"Not long after the Templar dispersal, very accurate and inexplicable sea-charts began to appear all over Europe. These maps, called portolans (thought to be derived from 'port' to 'land'), were far superior to the Ptolemaic maps studied by academic ecclesiastics in the monasteries and fledgling universities. Most of the portolans covered the area of the Mediterranean and the European Atlantic coast. They covered the areas crucial to European sea-commerce. "The earliest dated portolan chart is the Opicinis de Canestris map of the Mediterranean of 1335 A.D. It demonstrates that maps of inexplicable accuracy began to appear in Europe less than 25 years after King Philippe's surprise raids against the Templars and the papal elimination of the Order under Clement V."

"...Is it mere coincidence that his flagship, the famous Santa Maria, bore Templar crosses on her sails when Columbus set sail from Palos? Is it mere coincidence that his voyage was financed, not by the sale of Isabella's jewellery as so commonly thought, but by a mysterious consortium of wealthy men which included Jews and other heretics? And is it only coincidence that Columbus weighed anchor on August 3, 1492 just a few hours before the deadline for all Jews to be out of Spain?" - Michael Bradley, Holy Grail Across the Atlantic


Montesa, Order of

A military religious order established in 1317 in the kingdom
of Valencia by agreement of the pope and the Aragonese
The Order of Montesa was founded as a consequence of
the dissolution of the Order of the Temple in 1312. It did not
prove possible to transfer the Templars’ domains in the
Crown of Aragon to the Order of the Hospital of St. John, as
had been desired by Pope Clement V: King James II of
Aragon was opposed to the strengthening of the already considerable
power of the Hospitallers in his realms. After
lengthy negotiations, Pope John XXII largely complied with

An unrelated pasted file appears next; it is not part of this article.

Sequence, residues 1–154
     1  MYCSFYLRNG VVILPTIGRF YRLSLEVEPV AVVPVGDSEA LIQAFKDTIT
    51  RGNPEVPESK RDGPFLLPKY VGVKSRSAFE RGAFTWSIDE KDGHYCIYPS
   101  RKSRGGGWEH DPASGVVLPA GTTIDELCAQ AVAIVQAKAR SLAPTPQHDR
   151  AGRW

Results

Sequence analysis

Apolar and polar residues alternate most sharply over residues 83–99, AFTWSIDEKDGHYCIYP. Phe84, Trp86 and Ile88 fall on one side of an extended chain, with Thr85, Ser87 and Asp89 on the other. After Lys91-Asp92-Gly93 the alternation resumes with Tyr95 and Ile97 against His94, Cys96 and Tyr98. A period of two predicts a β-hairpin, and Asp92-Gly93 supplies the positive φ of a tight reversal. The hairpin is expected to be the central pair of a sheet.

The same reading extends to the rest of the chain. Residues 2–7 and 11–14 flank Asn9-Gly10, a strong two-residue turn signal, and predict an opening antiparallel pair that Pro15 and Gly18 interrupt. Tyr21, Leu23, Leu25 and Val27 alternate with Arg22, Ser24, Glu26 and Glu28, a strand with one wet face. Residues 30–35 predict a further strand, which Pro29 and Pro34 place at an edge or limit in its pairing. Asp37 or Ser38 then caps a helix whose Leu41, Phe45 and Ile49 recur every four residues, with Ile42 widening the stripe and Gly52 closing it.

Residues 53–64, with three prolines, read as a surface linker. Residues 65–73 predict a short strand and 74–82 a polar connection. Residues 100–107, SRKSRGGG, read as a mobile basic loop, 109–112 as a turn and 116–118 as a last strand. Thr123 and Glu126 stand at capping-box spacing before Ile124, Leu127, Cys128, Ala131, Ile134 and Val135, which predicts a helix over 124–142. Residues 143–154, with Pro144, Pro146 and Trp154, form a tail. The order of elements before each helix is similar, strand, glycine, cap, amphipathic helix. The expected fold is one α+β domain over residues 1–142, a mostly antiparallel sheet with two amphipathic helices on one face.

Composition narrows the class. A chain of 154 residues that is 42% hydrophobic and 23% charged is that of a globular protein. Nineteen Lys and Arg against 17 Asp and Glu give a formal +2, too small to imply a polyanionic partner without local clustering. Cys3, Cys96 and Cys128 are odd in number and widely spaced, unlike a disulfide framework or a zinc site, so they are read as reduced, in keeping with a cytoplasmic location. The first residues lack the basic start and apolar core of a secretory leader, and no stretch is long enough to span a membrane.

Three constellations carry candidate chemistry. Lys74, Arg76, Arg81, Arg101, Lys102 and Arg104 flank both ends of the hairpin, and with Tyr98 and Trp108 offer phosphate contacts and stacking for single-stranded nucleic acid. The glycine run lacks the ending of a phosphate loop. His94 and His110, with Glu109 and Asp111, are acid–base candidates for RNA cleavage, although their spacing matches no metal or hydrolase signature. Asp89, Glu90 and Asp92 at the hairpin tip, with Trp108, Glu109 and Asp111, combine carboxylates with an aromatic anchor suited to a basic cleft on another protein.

the king’s wishes in 1317.
- The Crusades; An Encyclopaedia


The Knights of San Julián de Pereiro (the Sanjulianistas), as they began, established a
base on the León border by 1170. They were granted lands and recognised as an order in
1176. They were connected to the Order of Calatrava. They wore a white habit. Like all
the other Iberian orders, they gained through the Reconquista, taking over half of
Extremadura. At the completion of the conquest the order was subjected to royal control,
its property seized in 1523.
. - The Routledge Companion to Medieval Warfare

Calatrava or Qalat Rawaah (the castle of war) was on the banks of the River Guadiana,
captured by Alfonso VII in 1147. It was handed to the Templars. When they planned to
abandon it, a group of Cistercian monks took over, intent on defending it. They were
recognised as an order in 1164. They wore a hooded white or grey tunic. The order
expanded with the Reconquista. The order was reformed in the 14th century.
. - The Routledge Companion to Medieval Warfare

The order of Santiago, or St James of the Sword, emulated in Spain the activities of the
Templars in the Holy Land. They began by protecting pilgrims going to St James of
Compostela (Santiago de Compostela). St James was said to have miraculously returned
to lead Christians against the Muslims. They received a rule in 1171 from the papal
legate, recognised by Pope Alexander III in 1175. It was based on the Augustinian rule. It
allowed the acceptance of married knights. They wore a white habit with a red cross.
They became defenders of the Christian frontier in the Reconquista. They gained land in
Portugal, Spain and elsewhere in Europe including Hungary. Alfonso IX el Baboso (the
slobberer) granted them a tenth of the value of all money coined in León. After the
completion of the conquest they declined. Their property was taken over by Charles V in
1523, though this was not the end of the order.
- The Routledge Companion to Medieval Warfare